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An Interview with Dead Star Talk

DEAD STAR TALK, the innovative force behind the acclaimed debut 'Too Many Too Much,' is back with their second album, 'Solid State Chemicals'

This latest release not only showcases their signature melodic, guitar-driven sound but also pushes the boundaries of modern rock with intricate layers and new territories. Produced by Grammy-winning legend Flemming Rasmussen, the album stands out with tracks like the psychedelic 'The Hurricane' and the pop art-inspired title track. In a bold move against conventional distribution, 'Solid State Chemicals' will be available on streaming platforms for only one month, urging fans to support the band through limited edition vinyl, NFTs, and downloads. Join us as we delve into the creative minds behind DEAD STAR TALK and explore the inspirations and intentions driving this groundbreaking project.

1. How does 'Solid State Chemicals' differ from your debut album 'Too Many Too Much,' both musically and thematically?

I think “Solid State Chemicals” as an album truly documents us finding our own identity as a band, while taking a big playful step away from the clear references on our debut. At least sound wise. A big part of that is probably because we recorded all the vocals and guitars first, and only added the rhythm section towards the end of the recording process with our producer Flemming Rasmussen (Metallica, etc.). In contrast to the debut where the live recorded rhythm section was the point of departure. This sounds like a technicality, but to me it's a lot more. All our songs start with me and an acoustic guitar (Christian), and if you start with the melodies you are a lot more free to develop the ideas in the studio, than if you lock in all the dynamics from the 1st second (which is what happens when you lay down drum and bass first). Lyrically/thematically the style is coherent with the debut. It simply portraits our lives. The good, the bad. The ugly, the beautiful, built around “pop art like” hooklines.

2. Can you discuss the challenges and rewards of having a band spread across multiple countries, and how this influences your creative process?

The reward is the freedom of not belonging to any given scene. That’s a gift and allows us to do things without peer pressure and other blinding ideas of how things should be done and sound. It's also great to be able to add special instruments to our sounds through our multicultural heritage such as the superbly psychedelic Turkish Saz guitar. Challenge is that we don’t belong to any given scene and can’t reap the benefits of that (easy shows, patriotic support from key decision makers, etc.).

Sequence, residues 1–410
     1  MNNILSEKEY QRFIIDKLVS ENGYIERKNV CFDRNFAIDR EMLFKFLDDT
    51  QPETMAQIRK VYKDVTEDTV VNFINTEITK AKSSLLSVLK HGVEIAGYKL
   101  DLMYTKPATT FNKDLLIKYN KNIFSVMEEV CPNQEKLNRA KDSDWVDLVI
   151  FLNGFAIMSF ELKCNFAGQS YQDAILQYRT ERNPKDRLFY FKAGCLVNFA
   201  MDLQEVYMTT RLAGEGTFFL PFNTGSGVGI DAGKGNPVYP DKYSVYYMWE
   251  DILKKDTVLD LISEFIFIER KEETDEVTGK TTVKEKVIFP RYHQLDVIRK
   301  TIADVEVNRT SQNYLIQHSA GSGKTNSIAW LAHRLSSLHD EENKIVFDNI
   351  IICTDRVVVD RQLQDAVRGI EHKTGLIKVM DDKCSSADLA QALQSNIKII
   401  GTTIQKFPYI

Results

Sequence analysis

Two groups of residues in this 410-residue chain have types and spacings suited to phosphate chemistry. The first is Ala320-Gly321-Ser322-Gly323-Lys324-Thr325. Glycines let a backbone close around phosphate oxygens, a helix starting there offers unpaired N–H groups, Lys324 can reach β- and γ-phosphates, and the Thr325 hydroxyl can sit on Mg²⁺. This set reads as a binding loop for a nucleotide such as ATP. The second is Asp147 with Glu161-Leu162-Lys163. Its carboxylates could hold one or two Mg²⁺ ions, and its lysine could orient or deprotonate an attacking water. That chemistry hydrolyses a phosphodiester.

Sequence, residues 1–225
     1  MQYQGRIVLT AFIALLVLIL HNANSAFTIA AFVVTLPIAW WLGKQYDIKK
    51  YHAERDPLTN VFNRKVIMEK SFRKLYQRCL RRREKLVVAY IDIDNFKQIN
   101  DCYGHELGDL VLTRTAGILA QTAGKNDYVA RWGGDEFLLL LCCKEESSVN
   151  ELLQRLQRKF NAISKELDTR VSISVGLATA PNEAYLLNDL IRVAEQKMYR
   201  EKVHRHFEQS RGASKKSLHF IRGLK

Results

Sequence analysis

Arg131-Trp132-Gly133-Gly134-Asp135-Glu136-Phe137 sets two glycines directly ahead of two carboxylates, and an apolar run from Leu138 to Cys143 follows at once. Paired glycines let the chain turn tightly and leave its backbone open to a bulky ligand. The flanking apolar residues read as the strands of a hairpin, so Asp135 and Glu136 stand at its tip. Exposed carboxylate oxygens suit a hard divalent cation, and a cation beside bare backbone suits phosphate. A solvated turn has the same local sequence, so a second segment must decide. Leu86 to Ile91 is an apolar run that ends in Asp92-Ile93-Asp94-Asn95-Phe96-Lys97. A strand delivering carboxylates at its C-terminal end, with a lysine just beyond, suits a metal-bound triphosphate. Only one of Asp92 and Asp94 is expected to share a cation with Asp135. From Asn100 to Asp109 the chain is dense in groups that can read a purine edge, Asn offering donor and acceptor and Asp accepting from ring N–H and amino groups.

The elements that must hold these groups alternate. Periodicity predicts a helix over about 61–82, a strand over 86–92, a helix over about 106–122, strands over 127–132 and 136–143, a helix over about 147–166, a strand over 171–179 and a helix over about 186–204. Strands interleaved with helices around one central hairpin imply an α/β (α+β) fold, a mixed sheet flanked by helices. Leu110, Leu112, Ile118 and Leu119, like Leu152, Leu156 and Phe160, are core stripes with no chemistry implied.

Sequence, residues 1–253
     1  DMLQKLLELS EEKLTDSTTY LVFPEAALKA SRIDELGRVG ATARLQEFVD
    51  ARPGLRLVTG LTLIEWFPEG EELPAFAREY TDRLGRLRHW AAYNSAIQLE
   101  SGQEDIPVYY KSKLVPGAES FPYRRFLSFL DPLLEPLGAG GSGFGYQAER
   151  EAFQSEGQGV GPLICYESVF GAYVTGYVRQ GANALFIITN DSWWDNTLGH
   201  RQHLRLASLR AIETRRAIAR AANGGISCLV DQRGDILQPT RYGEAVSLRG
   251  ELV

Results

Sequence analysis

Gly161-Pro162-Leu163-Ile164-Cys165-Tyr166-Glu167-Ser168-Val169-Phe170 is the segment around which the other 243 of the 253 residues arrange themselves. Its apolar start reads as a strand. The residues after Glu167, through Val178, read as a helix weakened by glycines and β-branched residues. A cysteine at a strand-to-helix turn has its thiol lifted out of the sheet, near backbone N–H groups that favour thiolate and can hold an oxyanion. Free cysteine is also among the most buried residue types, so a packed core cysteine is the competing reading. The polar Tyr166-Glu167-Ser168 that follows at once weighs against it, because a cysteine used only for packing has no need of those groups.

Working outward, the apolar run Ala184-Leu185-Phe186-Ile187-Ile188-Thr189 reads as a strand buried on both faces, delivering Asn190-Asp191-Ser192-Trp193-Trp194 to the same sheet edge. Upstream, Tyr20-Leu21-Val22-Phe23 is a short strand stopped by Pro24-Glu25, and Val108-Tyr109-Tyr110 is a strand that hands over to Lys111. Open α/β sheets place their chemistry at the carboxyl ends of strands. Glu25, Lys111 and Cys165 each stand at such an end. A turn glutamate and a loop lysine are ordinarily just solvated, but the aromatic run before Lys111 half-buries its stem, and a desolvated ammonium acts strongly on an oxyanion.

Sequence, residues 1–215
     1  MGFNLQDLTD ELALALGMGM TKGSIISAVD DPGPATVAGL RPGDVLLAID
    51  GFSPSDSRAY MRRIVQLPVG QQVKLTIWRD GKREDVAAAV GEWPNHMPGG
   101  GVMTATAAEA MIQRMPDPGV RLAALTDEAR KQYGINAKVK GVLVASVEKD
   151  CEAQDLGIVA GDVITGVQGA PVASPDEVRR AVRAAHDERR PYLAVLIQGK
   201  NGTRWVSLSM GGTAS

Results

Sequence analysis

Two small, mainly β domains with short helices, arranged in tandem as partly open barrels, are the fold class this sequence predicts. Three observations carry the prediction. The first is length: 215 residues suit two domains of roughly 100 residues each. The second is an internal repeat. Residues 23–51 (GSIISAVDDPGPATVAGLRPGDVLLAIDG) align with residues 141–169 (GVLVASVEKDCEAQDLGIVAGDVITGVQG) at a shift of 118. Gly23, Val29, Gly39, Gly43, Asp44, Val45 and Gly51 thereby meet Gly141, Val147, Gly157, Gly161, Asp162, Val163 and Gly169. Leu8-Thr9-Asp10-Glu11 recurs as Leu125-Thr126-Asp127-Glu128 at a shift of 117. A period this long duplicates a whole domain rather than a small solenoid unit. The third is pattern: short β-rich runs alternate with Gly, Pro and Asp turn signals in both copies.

3. What was the most surprising or unexpected moment during the recording sessions for 'Solid State Chemicals'?

Definitely when we discovered the psychedlic power of adding the Turkish saz-guitar to our “wall of sound” on the song “The Hurricane”. We hereafter ended up layering Saz on several other tracks on the album. It a magical instrument and compliments the traditional western and electric guitar extremely well…

4. How do you envision the future of music distribution, and do you think more artists will adopt your approach of limited streaming availability?

It's tricky. We are not sure whether there’s any clear recipe yet. I do believe we need to start embracing web3 much more. When you hold up the costs of creating against the financial and promotional rewards of basically giving away music and content for free on spotify, youtube, instagram, etc. it's clear that web2 is killing diversity and is ultimately bad for non-mainstream culture. What we love about Web3 is that it enables us to claim value again. For example we sell 50 limited digital versions (so called NFT’s) of a single or album and the real fans can collect them and they will get something special on top that you can’t find anywhere else  (b-sides, etc). Making your art limited and valuable again. And it works. We’re making more income via web3 platforms like Lens than we are on Web2 giants like Spotify. But we’re of course a tiny indie band with punk attitudes. So it's not sure that our approach would work with artists with broader ambitions…

5. Your music has been described as a blend of melodic and polyphonic guitar-driven sounds. How do you maintain a balance between experimentation and staying true to your core sound?

By following our intuition. We write and record fast and spontaneously. The fact that we’re two very complementary singers and guitarists (me, Christian, and Günes) make this a very rewarding process.

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